Clinical Significance of Vitamin D Deficiency in Primary Hyperparathyroidism, and Safety of Vitamin D Therapy

Nasser Mikhail, MD, MSc


South Med J. 2011;104(1):29-33. 

In This Article

Diagnostic Importance of Normalization of Vitamin D Status

A laboratory abnormality frequently encountered during the work up for osteoporosis is the presence of high serum PTH levels coupled with repeatedly normal serum calcium (both total and ionized) concentrations. In this setting, measurement of circulating 25-OHD levels (and their repletion if low) will aid in distinction between the following three conditions:

  1. Secondary hyperparathyroidism (HPT). In this case, PTH values will return to normal range with replenishment of vitamin D stores, while calcium levels remain within normal limits.[15]

  2. Concomitant PHPT and vitamin D deficiency. In some cases of PHPT, hypercalcemia may be masked by concomitant vitamin D deficiency. Thus, adequate supplementation of vitamin D will lead to emergence of frank hypercalcemia with persistence of elevated PTH levels; ie, vitamin D therapy uncovers the diagnosis of PHPT.[1]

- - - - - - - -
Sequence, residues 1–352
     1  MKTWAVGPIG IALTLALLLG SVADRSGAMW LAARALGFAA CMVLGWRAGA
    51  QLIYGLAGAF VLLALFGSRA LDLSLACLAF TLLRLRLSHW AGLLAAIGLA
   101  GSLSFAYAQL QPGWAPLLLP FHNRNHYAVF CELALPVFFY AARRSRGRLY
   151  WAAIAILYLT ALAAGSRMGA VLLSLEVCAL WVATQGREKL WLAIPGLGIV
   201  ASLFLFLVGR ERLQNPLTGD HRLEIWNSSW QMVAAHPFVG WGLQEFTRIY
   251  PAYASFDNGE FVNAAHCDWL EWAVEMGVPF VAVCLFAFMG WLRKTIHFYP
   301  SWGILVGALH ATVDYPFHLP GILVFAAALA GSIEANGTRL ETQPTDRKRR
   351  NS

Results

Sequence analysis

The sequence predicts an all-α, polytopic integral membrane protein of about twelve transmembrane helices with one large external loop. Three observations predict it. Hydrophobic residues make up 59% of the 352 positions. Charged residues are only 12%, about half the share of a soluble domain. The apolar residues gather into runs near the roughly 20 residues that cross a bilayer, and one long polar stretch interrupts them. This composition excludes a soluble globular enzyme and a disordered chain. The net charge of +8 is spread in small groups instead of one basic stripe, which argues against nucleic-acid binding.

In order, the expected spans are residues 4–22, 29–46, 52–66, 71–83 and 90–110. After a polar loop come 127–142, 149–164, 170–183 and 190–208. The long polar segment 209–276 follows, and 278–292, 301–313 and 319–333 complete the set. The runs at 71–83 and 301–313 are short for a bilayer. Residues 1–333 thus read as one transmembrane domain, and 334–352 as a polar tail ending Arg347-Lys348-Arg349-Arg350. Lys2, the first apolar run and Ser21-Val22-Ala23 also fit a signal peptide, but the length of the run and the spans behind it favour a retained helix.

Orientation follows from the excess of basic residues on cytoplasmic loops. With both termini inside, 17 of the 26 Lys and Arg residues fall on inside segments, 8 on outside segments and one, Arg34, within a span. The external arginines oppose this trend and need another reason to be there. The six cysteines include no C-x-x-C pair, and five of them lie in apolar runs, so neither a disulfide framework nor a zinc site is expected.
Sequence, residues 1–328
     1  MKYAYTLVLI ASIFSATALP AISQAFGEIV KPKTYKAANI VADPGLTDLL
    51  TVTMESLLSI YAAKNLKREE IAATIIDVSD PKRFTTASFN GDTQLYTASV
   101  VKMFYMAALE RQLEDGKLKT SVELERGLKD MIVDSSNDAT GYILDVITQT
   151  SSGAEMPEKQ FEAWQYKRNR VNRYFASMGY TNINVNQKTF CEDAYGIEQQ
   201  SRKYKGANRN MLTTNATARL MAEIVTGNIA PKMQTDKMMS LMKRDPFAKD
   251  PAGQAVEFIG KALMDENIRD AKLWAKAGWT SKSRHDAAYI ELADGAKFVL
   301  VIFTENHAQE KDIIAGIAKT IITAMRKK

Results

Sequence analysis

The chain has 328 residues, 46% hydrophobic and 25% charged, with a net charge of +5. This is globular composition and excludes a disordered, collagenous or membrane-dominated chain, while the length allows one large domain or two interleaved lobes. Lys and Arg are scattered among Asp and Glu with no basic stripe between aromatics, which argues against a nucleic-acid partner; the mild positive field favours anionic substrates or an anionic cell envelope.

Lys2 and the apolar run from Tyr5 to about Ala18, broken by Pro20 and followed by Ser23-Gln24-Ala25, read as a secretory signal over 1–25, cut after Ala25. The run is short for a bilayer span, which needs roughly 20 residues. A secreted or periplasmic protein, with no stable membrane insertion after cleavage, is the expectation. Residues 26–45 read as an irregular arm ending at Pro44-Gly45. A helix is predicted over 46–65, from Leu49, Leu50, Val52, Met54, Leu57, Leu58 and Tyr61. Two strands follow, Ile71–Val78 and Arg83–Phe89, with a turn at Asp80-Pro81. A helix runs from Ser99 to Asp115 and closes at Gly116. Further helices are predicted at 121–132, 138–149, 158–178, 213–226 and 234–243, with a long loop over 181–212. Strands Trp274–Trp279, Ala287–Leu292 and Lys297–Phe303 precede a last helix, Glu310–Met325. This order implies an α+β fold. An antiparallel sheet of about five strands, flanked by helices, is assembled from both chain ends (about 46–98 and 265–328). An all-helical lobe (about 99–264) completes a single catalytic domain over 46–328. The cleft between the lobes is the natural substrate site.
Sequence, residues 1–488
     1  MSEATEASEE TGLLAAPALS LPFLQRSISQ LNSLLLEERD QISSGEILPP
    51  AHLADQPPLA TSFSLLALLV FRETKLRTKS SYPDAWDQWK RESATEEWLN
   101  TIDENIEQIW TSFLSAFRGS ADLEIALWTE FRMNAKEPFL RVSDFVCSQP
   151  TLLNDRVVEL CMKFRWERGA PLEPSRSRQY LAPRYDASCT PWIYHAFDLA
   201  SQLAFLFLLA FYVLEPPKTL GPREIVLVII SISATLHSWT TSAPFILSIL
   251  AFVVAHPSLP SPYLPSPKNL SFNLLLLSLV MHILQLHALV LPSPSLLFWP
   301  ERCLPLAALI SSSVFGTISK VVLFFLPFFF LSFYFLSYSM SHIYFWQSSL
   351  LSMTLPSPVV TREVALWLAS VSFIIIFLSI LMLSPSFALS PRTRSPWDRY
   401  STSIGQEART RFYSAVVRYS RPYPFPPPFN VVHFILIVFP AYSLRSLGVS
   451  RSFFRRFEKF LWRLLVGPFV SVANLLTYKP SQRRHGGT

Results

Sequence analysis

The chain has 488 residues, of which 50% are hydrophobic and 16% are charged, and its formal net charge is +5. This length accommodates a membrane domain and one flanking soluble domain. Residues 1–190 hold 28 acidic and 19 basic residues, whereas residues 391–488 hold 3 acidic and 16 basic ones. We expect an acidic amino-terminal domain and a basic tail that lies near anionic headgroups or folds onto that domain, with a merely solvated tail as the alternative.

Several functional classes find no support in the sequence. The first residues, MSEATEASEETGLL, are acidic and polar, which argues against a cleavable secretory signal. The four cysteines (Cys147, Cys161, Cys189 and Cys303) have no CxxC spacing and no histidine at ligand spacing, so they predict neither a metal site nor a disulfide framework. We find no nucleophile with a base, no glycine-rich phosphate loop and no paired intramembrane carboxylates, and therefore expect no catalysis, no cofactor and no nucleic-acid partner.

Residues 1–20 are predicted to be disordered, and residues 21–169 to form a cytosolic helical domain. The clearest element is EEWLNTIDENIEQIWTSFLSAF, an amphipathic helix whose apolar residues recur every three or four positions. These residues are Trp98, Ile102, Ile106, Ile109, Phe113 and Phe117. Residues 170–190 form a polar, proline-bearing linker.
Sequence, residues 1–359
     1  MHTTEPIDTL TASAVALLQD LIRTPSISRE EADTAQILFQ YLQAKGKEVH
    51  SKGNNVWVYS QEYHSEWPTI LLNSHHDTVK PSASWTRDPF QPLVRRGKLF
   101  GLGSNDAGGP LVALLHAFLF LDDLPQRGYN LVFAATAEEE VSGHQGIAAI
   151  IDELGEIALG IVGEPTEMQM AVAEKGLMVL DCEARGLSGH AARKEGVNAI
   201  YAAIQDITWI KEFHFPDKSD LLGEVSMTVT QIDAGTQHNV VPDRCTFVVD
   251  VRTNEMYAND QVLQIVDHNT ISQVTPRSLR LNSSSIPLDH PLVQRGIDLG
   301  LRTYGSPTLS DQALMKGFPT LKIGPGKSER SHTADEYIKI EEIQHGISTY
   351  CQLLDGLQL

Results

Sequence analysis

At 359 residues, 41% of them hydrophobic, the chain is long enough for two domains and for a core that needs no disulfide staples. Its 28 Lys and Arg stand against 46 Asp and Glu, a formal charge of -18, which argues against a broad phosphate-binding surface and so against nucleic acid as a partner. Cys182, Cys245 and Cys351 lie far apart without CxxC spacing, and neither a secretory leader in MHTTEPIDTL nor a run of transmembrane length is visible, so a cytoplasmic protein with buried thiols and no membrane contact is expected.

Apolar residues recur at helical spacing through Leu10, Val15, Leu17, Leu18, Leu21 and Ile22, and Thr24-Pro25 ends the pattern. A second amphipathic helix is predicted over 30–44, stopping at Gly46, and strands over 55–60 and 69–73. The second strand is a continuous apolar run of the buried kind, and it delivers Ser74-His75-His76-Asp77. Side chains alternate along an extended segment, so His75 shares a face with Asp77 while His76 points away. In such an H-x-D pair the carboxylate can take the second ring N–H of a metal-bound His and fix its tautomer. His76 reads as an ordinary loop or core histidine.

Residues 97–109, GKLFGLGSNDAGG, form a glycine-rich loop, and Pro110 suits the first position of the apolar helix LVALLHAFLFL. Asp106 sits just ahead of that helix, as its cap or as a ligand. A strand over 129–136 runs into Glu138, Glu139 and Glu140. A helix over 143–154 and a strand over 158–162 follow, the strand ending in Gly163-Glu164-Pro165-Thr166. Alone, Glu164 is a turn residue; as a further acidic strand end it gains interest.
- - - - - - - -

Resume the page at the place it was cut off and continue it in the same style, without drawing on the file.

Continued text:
3. Normocalcemic HPT. This variant of PHPT is characterized by high serum PTH, but consistently normal plasma calcium concentrations after the exclusion of all causes of secondary HPT, including vitamin D deficiency.[23] If normocalcemic HPT coexists with vitamin D deficiency, PTH levels remain elevated, and calcium values remain within normal limits even after the correction of 25-OHD levels.[15]


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